Resting-State Brain Functional Connectivity Is Altered in Type 2 Diabetes

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Resting-State Brain Functional Connectivity Is Altered in Type 2 Diabetes

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Title: Resting-State Brain Functional Connectivity Is Altered in Type 2 Diabetes
Author: Musen, Gail; Jacobson, Alan M.; Bolo, Nicolas R.; Simonson, Donald C.; Shenton, Martha E. ORCID  0000-0003-4235-7879 ; McCartney, Richard L.; Flores, Veronica L.; Hoogenboom, Wouter S.

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Citation: Musen, Gail, Alan M. Jacobson, Nicolas R. Bolo, Donald C. Simonson, Martha E. Shenton, Richard L. McCartney, Veronica L. Flores, and Wouter S. Hoogenboom. 2012. “Resting-State Brain Functional Connectivity Is Altered in Type 2 Diabetes.” Diabetes 61 (9): 2375-2379. doi:10.2337/db11-1669.
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Abstract: Type 2 diabetes mellitus (T2DM) is a risk factor for Alzheimer disease (AD). Populations at risk for AD show altered brain activity in the default mode network (DMN) before cognitive dysfunction. We evaluated this brain pattern in T2DM patients. We compared T2DM patients (n = 10, age = 56 ± 2.2 years, fasting plasma glucose [FPG] = 8.4 ± 1.3 mmol/L, HbA1c = 7.5 ± 0.54%) with nondiabetic age-matched control subjects (n = 11, age = 54 ± 1.8 years, FPG = 4.8 ± 0.2 mmol/L) using resting-state functional magnetic resonance imaging to evaluate functional connectivity strength among DMN regions. We also evaluated hippocampal volume, cognition, and insulin sensitivity by homeostasis model assessment of insulin resistance (HOMA-IR). Control subjects showed stronger correlations versus T2DM patients in the DMN between the seed (posterior cingulate) and bilateral middle temporal gyrus (β = 0.67 vs. 0.43), the right inferior and left medial frontal gyri (β = 0.75 vs. 0.54), and the left thalamus (β = 0.59 vs. 0.37), respectively, with no group differences in cognition or hippocampal size. In T2DM patients, HOMA-IR was inversely correlated with functional connectivity in the right inferior frontal gyrus and precuneus. T2DM patients showed reduced functional connectivity in the DMN compared with control subjects, which was associated with insulin resistance in selected brain regions, but there were no group effects of brain structure or cognition.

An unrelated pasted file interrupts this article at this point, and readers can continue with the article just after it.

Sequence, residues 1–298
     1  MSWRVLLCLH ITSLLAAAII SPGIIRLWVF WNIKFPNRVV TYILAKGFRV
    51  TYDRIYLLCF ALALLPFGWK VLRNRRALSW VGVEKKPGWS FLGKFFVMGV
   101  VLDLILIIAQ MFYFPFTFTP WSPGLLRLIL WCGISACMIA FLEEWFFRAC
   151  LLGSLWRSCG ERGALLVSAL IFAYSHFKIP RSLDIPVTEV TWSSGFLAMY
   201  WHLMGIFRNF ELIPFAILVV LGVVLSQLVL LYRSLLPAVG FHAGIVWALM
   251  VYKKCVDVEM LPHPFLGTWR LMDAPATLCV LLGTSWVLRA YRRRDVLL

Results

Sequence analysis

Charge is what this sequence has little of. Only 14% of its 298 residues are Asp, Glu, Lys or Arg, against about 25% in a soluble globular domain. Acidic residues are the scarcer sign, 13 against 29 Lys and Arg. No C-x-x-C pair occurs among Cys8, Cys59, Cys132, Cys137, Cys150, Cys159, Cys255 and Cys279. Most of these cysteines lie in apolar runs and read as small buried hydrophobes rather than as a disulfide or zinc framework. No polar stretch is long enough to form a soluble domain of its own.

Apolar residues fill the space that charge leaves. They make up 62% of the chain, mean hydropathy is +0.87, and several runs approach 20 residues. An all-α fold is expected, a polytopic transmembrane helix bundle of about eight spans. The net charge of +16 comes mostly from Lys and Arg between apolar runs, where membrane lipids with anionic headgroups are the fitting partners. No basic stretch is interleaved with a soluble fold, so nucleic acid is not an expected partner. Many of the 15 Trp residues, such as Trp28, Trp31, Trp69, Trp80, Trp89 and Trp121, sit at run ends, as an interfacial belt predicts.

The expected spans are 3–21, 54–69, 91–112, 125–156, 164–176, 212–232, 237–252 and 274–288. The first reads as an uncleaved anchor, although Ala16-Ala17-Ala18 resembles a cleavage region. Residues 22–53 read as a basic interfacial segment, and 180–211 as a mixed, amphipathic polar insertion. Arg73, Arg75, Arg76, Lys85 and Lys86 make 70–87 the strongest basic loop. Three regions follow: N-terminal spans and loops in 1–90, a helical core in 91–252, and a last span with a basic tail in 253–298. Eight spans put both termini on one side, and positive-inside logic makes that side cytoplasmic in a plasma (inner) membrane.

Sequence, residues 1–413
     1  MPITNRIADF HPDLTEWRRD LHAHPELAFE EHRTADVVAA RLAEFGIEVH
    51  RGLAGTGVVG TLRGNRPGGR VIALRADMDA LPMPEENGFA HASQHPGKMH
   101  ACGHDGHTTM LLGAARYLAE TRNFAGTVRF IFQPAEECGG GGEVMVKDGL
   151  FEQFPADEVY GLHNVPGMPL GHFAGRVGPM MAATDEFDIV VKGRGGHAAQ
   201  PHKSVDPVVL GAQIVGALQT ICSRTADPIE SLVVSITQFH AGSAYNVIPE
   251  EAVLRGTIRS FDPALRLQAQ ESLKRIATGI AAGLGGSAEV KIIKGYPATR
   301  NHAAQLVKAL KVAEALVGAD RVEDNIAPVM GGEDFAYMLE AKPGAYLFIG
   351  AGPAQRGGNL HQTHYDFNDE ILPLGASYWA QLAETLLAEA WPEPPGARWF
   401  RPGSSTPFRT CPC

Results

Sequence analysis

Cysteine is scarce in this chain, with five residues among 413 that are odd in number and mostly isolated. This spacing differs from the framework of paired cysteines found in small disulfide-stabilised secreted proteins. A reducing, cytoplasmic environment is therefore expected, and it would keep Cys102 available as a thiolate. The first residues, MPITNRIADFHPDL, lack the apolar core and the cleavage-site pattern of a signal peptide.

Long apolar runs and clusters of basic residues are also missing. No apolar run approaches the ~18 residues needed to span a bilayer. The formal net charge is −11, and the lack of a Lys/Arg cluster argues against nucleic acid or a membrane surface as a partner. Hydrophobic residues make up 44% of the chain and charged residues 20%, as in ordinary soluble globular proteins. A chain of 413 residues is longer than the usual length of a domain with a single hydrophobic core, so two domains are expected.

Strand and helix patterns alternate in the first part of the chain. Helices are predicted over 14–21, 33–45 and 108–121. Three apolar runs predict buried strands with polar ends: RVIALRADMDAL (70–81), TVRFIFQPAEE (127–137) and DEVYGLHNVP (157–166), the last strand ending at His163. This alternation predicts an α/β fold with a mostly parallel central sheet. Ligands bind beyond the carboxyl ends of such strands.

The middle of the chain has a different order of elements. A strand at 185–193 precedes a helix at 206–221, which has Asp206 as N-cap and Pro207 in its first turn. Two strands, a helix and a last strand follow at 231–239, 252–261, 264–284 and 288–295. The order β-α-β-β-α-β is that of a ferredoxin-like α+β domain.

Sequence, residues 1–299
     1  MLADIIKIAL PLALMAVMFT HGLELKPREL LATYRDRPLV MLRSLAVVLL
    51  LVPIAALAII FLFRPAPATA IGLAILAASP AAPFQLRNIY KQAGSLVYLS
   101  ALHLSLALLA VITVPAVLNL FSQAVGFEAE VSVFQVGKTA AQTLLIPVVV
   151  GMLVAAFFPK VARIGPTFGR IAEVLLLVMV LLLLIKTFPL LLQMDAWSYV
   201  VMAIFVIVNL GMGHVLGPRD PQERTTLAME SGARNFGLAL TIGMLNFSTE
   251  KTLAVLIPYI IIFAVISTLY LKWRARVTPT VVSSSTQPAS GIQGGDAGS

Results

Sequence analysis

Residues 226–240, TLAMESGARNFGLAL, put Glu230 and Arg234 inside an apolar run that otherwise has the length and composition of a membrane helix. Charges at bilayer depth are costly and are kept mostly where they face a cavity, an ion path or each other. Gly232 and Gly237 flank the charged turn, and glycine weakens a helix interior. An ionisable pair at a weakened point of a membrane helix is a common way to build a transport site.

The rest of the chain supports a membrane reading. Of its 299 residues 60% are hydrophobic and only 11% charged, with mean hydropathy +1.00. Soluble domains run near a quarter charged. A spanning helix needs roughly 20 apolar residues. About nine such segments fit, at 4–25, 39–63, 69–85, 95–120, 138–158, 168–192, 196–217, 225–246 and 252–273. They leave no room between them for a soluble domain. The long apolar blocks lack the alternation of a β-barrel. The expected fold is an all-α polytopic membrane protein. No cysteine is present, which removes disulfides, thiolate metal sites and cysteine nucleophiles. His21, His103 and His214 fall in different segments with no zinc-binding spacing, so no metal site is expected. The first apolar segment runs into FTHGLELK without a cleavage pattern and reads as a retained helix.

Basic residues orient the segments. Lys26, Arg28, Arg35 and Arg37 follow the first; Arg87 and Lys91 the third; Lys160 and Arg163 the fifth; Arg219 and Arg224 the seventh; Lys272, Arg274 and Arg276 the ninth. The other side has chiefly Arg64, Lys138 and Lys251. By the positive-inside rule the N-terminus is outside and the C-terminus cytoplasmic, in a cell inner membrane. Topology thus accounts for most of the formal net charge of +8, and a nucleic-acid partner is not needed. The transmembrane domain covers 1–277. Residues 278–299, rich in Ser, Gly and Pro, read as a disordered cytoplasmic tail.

Published Version: doi:10.2337/db11-1669
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